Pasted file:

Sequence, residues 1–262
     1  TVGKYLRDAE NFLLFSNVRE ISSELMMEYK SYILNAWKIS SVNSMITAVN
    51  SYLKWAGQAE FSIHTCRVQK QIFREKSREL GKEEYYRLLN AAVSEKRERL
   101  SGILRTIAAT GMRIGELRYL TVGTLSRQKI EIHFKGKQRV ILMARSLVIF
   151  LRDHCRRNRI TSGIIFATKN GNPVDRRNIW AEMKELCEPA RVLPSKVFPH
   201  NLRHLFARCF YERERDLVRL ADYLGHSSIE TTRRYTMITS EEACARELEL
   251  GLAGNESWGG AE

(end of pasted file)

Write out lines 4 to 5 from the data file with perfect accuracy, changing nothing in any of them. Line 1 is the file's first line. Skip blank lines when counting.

   101  SGILRTIAAT GMRIGELRYL TVGTLSRQKI EIHFKGKQRV ILMARSLVIF
   151  LRDHCRRNRI TSGIIFATKN GNPVDRRNIW AEMKELCEPA RVLPSKVFPH